Grinding poverty and the escalating war is driving an increasing number of Afghan families to sell their daughters into forced marriages.
Girls as young as six are being married into a life of slavery and rape, often by multiple members of their new relatives. Banned from seeing their own parents or siblings, they are also prohibited from going to school. With little recognition of the illegality of the situation or any effective recourse, many of the victims are driven to self-immolation – burning themselves to death – or severe self-harm.
Six years after the US and Britain "freed" Afghan women from the oppressive Taliban regime, a new report proves that life is just as bad for most, and worse in some cases.
Projects started in the optimistic days of 2002 have begun to wane as the UK and its Nato allies fail to treat women's rights as a priority, workers in the country insist.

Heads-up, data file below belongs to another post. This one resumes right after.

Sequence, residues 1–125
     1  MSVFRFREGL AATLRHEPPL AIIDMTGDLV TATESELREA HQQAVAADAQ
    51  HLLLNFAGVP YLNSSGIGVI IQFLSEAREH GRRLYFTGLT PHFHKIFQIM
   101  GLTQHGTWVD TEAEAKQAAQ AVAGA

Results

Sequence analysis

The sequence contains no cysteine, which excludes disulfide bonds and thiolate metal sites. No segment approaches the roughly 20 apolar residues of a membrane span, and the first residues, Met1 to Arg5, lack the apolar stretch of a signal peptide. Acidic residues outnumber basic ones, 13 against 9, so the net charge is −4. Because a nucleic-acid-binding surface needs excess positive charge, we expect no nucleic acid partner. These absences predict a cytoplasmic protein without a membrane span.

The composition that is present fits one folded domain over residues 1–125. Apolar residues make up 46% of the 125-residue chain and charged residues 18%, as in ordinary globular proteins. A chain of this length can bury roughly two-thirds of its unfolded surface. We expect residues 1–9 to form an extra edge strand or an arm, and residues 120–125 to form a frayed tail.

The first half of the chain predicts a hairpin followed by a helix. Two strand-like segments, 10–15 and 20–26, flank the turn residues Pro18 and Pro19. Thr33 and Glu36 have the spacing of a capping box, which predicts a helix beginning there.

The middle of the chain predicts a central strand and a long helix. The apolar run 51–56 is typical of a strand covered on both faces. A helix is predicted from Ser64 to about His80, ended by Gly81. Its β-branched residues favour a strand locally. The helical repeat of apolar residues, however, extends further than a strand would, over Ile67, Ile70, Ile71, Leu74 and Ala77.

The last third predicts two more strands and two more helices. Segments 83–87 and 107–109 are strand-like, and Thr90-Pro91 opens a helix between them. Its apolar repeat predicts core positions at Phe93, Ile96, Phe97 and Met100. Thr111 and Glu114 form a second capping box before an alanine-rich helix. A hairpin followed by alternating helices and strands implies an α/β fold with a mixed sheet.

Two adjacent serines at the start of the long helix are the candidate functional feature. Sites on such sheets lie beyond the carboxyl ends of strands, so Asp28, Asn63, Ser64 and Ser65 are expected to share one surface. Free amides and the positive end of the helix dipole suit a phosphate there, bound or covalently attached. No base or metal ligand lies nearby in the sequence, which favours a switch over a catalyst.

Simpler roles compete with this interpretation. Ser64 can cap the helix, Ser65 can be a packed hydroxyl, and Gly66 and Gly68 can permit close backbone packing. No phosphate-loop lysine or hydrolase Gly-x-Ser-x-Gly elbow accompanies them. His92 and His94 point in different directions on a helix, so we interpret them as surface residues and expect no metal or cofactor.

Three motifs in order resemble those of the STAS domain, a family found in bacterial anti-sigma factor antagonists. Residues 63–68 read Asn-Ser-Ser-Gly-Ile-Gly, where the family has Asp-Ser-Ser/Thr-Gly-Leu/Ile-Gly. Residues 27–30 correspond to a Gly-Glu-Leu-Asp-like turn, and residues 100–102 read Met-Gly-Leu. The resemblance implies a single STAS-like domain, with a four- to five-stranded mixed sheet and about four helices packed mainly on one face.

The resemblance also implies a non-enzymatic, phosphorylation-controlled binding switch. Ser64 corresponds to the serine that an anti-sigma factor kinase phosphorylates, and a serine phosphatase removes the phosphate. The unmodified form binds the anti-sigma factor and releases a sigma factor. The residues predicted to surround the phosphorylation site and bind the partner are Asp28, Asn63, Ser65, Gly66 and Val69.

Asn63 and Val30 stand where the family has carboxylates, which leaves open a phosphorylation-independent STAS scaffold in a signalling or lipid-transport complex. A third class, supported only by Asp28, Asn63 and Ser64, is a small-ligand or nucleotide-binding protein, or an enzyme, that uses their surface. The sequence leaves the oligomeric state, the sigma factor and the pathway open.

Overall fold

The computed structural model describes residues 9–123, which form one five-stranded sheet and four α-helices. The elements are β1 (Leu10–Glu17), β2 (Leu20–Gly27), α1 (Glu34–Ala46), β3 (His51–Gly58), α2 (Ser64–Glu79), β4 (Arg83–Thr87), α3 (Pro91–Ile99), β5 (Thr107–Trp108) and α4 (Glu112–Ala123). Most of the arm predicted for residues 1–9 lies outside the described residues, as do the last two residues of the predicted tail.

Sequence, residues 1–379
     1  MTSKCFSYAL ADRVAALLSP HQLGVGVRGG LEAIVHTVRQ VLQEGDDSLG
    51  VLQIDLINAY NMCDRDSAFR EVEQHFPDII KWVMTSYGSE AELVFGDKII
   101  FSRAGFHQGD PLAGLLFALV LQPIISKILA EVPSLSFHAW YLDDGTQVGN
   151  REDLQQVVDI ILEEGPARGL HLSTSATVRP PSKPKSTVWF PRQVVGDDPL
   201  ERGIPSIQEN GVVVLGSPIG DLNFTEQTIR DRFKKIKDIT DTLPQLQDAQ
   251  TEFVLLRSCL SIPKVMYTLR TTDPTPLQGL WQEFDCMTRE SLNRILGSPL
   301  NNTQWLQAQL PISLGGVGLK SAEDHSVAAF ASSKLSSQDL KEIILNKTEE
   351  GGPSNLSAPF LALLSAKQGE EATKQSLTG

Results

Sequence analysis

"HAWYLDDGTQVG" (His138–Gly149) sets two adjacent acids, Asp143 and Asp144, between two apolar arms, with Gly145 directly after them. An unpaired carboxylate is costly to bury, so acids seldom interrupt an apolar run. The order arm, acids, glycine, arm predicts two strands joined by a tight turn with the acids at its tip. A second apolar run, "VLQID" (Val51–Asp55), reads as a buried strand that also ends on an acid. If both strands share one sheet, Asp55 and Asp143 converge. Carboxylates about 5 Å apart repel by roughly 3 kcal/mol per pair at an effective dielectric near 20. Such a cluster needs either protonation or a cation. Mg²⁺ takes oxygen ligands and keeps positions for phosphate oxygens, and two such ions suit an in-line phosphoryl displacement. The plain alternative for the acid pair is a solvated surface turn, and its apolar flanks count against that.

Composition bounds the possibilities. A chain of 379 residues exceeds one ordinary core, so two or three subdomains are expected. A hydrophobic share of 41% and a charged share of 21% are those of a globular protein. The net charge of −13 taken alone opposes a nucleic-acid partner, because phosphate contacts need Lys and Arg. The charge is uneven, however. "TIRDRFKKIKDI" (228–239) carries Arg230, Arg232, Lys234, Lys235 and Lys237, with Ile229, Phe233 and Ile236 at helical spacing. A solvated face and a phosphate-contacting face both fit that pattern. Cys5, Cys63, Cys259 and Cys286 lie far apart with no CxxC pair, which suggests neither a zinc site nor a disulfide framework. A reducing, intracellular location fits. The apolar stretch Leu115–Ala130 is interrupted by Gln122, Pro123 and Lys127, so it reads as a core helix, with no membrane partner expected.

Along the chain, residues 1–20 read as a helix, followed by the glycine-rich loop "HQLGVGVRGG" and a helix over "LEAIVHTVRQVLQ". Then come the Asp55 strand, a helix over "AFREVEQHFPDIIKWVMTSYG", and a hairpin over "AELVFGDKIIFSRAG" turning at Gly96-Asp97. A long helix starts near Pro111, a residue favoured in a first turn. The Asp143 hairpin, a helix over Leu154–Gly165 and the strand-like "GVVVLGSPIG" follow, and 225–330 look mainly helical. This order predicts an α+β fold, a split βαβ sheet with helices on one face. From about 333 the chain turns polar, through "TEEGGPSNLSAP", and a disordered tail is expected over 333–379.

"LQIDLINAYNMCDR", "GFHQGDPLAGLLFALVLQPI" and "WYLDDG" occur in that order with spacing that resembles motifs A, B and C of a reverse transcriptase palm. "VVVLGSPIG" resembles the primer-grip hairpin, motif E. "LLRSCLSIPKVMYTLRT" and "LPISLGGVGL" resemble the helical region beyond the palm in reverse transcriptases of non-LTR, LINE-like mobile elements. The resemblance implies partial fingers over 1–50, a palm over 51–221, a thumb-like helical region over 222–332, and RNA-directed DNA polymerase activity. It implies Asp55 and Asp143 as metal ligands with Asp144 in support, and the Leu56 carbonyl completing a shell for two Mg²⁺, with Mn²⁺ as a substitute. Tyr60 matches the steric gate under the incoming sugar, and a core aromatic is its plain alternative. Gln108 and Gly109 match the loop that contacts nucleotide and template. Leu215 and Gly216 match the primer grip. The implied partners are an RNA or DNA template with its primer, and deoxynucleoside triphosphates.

The statistics in the report from Womankind, Afghan Women and Girls Seven Years On, make shocking reading. Violent attacks against females, usually domestic, are at epidemic proportions with 87 per cent of females complaining of such abuse – half of it sexual. More than 60 per cent of marriages are forced.
Monday, February 25, 2008
Afghan women today
Back in 2001, I had an argument with an old friend about the U.S. plans to attack Afghanistan. My friend insisted that the war was a good thing because we were going to liberate women from the Taliban.
Well, take a look at this excerpt from an article entitled "Women's lives worse than ever":